Analysers and next generation SRU control


The history of on-line process analytics is a relatively short one. Development was driven by the need for process control of high value hydrocarbonbased products. The first on-line analyser applications came during the second war. Rapid development came in the 1970s with the advent of the microprocessor and resultant chemometric techniques. Led by Phillips Petroleum, Union Carbide and Dupont Chemical, amongst others, these initiatives were the antecedents of today’s Siemens Applied Automation, ABB Analytics and AMETEK Process Instruments.

Whether or not sulphur can be considered a high value product, in most cases the driving force for process measurement and control of the SRU is largely environmental. The US EPA Clean Air Act of 1970 and the ground-breaking study by Alberta Environment on the capability of the modified Claus process coincided with the first attempts to control the modified Claus process using an on-line analyser and closed loop control.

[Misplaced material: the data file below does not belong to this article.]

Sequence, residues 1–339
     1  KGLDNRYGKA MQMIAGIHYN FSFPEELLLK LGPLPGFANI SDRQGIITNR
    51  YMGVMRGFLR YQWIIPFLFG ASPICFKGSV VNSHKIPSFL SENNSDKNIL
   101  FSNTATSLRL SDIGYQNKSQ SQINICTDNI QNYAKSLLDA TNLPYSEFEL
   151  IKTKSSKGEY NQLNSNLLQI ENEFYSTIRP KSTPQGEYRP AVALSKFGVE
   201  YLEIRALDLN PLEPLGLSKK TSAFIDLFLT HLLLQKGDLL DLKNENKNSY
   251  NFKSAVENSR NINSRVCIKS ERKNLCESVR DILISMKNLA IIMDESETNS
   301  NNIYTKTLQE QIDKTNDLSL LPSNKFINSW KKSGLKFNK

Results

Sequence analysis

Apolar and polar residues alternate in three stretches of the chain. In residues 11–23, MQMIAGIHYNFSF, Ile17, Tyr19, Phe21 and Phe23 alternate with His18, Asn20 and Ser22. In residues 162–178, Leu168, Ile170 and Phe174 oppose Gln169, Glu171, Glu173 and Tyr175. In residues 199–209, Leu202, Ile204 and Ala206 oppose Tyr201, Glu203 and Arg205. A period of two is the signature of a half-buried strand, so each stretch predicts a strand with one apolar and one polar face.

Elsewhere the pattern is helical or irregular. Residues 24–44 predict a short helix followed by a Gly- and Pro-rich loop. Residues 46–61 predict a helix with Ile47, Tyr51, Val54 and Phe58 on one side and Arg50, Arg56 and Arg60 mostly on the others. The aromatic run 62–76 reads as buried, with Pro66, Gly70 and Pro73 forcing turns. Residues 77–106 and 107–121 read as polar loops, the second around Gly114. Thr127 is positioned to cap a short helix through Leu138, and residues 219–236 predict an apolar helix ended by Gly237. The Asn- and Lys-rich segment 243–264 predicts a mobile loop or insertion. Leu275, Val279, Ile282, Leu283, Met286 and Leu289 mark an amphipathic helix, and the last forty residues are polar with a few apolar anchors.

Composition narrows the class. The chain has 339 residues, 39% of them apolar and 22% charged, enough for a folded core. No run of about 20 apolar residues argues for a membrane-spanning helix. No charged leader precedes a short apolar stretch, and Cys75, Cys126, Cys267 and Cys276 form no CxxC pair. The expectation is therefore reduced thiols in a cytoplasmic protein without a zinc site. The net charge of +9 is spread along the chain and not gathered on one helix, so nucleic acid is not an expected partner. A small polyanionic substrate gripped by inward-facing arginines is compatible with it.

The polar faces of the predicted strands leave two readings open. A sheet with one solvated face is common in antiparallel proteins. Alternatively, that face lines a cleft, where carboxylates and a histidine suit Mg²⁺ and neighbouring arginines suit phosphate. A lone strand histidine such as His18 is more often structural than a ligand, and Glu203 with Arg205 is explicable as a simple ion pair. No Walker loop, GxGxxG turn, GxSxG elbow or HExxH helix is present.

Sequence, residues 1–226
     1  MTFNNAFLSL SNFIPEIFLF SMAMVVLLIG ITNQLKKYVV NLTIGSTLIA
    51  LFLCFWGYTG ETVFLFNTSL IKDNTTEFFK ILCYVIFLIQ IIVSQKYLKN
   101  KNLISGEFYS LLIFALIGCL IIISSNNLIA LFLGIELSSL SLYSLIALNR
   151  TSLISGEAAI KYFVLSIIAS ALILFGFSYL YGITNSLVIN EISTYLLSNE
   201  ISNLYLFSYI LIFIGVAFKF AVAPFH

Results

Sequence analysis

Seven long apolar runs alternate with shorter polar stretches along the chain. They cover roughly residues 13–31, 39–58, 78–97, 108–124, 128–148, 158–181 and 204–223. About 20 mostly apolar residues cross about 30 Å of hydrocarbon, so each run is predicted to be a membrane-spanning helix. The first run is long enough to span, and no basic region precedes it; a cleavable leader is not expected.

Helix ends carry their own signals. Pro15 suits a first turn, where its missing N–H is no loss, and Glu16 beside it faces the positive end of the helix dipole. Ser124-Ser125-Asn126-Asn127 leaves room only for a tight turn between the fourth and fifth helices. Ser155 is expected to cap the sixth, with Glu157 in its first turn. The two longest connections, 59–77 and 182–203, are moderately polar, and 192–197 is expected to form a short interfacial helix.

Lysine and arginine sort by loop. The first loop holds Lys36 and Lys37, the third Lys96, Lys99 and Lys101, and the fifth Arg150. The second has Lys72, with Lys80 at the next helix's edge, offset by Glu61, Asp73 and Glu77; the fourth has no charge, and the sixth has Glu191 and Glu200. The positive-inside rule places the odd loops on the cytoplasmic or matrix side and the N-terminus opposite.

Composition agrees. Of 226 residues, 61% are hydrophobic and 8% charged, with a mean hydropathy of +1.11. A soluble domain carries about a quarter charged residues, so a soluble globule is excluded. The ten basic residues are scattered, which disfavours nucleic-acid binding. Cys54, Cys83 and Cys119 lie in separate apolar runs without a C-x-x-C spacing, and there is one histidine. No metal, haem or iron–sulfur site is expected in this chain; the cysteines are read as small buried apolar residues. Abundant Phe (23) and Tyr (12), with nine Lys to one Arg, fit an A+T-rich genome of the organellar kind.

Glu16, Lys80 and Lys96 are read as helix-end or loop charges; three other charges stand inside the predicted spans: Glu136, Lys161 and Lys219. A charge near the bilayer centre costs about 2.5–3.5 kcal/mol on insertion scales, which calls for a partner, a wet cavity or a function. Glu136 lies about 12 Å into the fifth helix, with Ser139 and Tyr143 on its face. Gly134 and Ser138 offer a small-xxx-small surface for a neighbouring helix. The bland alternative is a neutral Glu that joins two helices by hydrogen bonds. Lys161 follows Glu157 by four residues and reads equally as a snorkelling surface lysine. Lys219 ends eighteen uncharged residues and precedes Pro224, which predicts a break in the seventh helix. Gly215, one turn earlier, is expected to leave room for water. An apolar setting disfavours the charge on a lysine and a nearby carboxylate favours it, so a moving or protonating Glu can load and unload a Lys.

The first report of an on-line tail gas analyser was a technical paper based on a gas chromatograph installed at the Dow Chemical Freeport TX (USA) facility in 1970. In 1972 Amoco Oil and Dupont Process Instruments published a paper on an ultraviolet (UV) based tail gas analyser installed at the Amoco Whiting refinery, Indiana, USA. Shortly after this, in 1974 Western Research participated in a pilot study using a prototype UV-based tail gas analyser at the Shell Waterton gas plant in Alberta, Canada.

Subsequent developments by various manufacturers were all based on UV spectroscopy and extractive sampling techniques and that remains the case today.

The life cycle of an analyser is expected to be 15-25 years and some analysers can be in the field for 30 years or more if properly protected and maintained. The product life cycle of an analyser is of the same order, 15 years or more and is mostly subject to the obsolescence of the electronic components.

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